The move came one week after a proposal to overhaul the student grant system, and a social security reform that would force all unemployed under-30's to pursue an education rather than live off social security.
All three government proposals must now be negotiated with other parliamentary parties in order to win a majority.
Although the left-wing Red Greens are expected to vote against the government's proposals, center-right parties are expected to approve them.
Unlike its Scandinavian neighbors, Denmark has been dipping in and out of recession since the financial meltdown of 2008, as its banks buckled under a more than 20-percent fall in property prices and toxic loans to debt-laden farmers.
Wells Fargo to pay $1B for mortgage, auto lending abuses
- Fine the latest in a series of setbacks for US bank
- Federal Reserve in February prohibited lender from growing assets until governance issues addressed
Wells Fargo will pay $1 billion to federal regulators to settle charges tied to its mortgage and auto lending business, the latest chapter in years-long, wide-ranging scandal at the banking giant. However, it appears that none of the $1 billion will go directly to the victims of Wells Fargo’s abuses.
In a settlement announced Friday, Wells will pay $500 million to the Office of the Comptroller of the Currency, its main national bank regulator, as well as a net $500 million to the Consumer Financial Protection Bureau.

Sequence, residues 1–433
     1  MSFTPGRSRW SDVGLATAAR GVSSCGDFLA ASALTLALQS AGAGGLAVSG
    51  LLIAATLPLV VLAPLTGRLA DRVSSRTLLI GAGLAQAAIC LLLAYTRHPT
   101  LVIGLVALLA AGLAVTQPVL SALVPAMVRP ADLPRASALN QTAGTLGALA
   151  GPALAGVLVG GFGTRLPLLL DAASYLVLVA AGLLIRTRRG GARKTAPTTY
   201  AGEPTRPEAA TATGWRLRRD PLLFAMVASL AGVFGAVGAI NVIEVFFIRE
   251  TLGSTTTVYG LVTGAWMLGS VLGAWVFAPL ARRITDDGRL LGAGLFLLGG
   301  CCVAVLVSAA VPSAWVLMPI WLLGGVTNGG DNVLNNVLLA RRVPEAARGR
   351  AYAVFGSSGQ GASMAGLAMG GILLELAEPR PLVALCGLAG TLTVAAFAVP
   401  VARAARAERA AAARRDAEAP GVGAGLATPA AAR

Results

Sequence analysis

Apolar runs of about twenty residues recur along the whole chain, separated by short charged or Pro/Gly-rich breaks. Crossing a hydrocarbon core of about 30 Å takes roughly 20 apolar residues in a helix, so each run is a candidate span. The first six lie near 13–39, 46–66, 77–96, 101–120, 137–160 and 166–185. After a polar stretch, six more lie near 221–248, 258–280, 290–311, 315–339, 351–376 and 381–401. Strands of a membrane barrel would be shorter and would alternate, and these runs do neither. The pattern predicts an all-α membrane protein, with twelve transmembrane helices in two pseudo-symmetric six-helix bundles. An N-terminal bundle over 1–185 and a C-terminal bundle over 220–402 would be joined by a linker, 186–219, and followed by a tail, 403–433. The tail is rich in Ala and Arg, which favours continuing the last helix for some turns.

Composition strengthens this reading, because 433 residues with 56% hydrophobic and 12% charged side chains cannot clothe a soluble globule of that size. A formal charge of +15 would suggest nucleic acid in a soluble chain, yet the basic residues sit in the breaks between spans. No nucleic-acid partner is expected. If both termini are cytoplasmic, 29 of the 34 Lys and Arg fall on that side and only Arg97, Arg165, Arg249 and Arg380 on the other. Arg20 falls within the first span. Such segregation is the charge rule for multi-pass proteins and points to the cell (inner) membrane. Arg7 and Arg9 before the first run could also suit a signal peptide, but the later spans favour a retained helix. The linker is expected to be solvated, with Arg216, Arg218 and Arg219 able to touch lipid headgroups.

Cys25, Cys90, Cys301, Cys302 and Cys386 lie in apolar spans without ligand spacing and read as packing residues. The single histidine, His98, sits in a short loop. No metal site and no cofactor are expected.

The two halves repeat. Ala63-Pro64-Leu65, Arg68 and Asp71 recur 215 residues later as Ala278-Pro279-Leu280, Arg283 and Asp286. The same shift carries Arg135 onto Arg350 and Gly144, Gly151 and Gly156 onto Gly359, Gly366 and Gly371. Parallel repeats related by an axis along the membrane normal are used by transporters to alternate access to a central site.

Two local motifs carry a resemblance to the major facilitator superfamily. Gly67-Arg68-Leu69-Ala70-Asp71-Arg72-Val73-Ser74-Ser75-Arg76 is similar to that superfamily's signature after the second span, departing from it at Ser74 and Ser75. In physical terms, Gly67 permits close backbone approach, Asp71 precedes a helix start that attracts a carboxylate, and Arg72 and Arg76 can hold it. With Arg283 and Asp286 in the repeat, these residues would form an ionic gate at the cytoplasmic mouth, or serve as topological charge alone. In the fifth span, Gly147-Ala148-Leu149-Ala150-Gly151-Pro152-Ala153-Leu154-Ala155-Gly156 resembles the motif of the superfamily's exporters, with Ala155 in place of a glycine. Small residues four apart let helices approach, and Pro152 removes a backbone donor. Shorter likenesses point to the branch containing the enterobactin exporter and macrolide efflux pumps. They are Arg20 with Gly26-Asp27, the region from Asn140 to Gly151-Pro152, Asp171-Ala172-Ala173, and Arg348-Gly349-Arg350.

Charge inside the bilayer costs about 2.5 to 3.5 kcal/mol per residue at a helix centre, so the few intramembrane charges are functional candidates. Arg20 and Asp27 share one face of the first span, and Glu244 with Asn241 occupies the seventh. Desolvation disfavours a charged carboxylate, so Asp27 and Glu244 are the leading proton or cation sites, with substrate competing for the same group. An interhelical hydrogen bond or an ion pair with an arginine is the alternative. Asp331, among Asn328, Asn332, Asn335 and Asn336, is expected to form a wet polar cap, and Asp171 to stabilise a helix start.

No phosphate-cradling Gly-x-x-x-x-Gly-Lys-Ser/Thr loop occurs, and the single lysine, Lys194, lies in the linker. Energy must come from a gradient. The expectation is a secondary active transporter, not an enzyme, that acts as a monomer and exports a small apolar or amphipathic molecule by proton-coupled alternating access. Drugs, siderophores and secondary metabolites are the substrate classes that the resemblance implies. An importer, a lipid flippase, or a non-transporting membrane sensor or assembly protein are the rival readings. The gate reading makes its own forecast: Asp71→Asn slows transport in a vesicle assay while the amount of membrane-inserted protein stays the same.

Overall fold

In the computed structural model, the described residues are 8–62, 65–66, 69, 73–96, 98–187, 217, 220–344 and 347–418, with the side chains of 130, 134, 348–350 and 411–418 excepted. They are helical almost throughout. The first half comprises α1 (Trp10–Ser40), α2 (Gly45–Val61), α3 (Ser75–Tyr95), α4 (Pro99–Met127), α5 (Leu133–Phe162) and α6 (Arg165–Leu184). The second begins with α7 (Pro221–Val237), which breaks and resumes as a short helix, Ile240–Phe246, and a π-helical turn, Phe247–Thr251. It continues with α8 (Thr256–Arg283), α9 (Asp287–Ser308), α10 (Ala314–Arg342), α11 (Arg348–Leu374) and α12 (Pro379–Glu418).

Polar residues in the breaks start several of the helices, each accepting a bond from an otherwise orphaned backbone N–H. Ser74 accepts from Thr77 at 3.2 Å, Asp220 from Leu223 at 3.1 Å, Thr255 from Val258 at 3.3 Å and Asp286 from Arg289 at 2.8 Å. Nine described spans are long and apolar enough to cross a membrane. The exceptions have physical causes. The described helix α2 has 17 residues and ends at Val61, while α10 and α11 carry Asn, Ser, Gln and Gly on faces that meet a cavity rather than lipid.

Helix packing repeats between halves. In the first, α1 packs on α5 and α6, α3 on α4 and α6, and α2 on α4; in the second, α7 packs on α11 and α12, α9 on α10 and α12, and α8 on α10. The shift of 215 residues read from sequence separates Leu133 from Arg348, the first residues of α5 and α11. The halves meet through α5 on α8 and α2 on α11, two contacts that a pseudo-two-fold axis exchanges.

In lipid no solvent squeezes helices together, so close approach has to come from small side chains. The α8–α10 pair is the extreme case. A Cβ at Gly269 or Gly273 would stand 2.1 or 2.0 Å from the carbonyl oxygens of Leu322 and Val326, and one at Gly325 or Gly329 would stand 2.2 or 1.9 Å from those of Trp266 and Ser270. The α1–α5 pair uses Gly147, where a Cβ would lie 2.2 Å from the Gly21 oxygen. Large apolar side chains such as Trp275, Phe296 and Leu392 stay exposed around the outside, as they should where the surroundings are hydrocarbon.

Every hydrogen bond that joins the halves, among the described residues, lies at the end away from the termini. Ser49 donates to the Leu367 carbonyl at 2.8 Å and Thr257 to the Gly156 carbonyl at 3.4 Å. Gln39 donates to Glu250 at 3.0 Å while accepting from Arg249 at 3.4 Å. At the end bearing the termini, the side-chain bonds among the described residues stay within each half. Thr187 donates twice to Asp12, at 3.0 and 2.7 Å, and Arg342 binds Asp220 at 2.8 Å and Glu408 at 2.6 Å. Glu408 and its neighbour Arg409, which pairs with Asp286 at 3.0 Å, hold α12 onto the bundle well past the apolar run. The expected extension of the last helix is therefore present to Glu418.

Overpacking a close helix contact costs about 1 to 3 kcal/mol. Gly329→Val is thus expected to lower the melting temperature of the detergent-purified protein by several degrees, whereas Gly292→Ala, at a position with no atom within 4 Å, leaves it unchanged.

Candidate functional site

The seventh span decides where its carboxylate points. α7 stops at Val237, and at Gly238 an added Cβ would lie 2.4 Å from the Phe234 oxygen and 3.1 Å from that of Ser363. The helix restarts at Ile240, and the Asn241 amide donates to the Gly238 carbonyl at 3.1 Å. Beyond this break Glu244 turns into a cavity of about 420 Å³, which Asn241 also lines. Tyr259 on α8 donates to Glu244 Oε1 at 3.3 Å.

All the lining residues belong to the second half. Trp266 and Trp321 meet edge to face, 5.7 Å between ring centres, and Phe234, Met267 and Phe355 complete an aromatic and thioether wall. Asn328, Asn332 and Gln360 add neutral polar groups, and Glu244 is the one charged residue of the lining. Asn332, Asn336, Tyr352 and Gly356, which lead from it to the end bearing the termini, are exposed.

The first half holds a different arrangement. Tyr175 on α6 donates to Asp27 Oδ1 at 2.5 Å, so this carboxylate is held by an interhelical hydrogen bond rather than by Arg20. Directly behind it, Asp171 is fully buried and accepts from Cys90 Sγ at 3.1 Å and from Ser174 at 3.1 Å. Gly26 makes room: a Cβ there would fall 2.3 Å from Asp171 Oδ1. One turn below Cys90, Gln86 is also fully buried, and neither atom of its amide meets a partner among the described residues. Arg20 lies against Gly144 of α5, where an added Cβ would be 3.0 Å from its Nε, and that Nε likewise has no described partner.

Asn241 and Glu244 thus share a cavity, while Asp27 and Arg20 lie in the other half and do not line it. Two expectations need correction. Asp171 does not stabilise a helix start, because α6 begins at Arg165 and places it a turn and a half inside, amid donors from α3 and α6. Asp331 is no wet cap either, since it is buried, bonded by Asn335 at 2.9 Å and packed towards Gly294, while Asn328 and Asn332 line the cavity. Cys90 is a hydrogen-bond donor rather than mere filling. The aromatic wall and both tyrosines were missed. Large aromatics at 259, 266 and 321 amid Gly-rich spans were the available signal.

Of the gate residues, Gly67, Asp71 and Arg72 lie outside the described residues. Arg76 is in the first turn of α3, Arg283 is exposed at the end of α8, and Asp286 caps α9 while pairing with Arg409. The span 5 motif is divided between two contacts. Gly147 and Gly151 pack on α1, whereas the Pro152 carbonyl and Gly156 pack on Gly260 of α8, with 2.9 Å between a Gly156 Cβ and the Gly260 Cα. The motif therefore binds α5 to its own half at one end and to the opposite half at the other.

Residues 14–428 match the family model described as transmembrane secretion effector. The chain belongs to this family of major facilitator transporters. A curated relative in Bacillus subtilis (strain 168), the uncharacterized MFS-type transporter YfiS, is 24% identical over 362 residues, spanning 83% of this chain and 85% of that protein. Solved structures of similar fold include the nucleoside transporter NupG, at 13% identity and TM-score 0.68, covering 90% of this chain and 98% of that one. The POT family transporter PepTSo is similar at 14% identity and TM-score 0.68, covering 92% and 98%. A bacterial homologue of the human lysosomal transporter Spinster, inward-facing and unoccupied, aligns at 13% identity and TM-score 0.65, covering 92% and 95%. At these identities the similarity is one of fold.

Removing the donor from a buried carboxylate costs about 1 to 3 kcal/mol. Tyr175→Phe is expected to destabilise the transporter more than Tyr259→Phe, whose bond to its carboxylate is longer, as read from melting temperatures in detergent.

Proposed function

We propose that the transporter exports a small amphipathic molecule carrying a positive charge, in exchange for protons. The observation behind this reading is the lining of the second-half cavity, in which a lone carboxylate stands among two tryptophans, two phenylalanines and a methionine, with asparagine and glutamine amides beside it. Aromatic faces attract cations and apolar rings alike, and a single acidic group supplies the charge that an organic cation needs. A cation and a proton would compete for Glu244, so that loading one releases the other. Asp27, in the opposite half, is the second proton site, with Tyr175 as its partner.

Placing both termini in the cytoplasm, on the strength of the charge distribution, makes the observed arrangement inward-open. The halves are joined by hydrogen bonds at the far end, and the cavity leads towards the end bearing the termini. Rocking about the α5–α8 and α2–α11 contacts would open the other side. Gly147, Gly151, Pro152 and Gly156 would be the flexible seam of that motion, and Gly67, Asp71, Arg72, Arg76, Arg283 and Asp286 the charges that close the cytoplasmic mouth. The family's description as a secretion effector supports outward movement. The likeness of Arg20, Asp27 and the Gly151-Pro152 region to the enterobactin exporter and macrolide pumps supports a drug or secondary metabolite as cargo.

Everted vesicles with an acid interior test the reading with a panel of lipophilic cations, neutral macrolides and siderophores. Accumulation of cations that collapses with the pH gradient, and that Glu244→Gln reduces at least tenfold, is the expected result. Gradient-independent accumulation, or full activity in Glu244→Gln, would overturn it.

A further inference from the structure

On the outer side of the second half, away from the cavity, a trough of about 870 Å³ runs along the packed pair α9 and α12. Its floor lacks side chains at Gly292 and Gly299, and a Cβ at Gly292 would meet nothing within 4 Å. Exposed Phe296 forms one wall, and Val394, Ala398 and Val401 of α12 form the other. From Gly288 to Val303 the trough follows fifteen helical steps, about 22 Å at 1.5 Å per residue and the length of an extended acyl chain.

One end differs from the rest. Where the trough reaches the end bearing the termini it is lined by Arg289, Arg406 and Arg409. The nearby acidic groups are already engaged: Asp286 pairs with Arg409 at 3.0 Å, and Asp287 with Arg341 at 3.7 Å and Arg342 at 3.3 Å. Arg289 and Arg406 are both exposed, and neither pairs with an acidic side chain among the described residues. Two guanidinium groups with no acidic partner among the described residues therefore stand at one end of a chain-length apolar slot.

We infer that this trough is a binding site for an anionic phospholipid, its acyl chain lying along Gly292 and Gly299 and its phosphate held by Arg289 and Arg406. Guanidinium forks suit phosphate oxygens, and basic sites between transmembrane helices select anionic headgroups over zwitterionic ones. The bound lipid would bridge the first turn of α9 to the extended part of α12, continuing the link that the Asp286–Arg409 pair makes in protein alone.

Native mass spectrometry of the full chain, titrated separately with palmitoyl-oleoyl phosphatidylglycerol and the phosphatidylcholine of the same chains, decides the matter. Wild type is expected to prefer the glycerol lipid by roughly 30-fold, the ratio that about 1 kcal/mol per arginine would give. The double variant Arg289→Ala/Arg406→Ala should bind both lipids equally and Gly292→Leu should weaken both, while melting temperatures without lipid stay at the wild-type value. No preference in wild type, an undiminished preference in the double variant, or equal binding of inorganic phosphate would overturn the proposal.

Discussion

The action by the CFPB is notable because it is the first penalty imposed by the bureau under Mick Mulvaney, who President Trump appointed to take over the consumer watchdog agency in late November. The $500 million is also the largest penalty imposed by the CFPB in its history, the previous being a $100 million penalty also against Wells Fargo, and matches the largest fine ever handed out by the Comptroller of the Currency, which fined HSBC $500 million in 2012.
The fine against Wells Fargo had been expected. The company disclosed last week that it was in discussions with federal authorities over a possible settlement related to its mortgage and auto lending businesses, and that the fine could be as much as $1 billion.
The settlement also contains other requirements that would restrict Wells Fargo’s business. The bank will need to come with a risk management plan to be approved by bank regulators, and get approval from bank regulators before hiring senior employees.
“While we have more work to do, these orders affirm that we share the same priorities with our regulators and that we are committed to working with them as we deliver our commitments with focus, accountability, and transparency,” said Wells Fargo Chief Executive Tim Sloan in a statement.
The $500 million paid to the Comptroller of the Currency will be paid directly to the US Treasury, according to the order. The $500 million paid to the CFPB will go into the CFPB’s civil penalties fund, which is used to help consumers who might have been impacted in other cases. But zero dollars of either penalty is going directly to Wells Fargo’s victims.